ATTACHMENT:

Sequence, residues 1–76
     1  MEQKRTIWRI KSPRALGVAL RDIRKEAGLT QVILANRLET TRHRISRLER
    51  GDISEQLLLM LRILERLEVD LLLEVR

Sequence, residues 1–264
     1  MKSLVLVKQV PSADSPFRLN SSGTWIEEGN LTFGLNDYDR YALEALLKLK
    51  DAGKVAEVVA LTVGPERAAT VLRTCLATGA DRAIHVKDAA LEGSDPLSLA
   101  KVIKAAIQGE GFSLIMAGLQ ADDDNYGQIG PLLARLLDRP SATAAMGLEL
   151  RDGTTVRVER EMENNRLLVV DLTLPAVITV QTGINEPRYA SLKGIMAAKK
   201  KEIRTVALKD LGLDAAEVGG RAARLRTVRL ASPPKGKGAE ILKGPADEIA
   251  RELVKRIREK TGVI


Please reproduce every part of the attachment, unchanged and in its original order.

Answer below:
Sequence, residues 1–76
     1  MEQKRTIWRI KSPRALGVAL RDIRKEAGLT QVILANRLET TRHRISRLER
    51  GDISEQLLLM LRILERLEVD LLLEVR

Sequence, residues 1–264
     1  MKSLVLVKQV PSADSPFRLN SSGTWIEEGN LTFGLNDYDR YALEALLKLK
    51  DAGKVAEVVA LTVGPERAAT VLRTCLATGA DRAIHVKDAA LEGSDPLSLA
   101  KVIKAAIQGE GFSLIMAGLQ ADDDNYGQIG PLLARLLDRP SATAAMGLEL
   151  RDGTTVRVER EMENNRLLVV DLTLPAVITV QTGINEPRYA SLKGIMAAKK
   201  KEIRTVALKD LGLDAAEVGG RAARLRTVRL ASPPKGKGAE ILKGPADEIA
   251  RELVKRIREK TGVI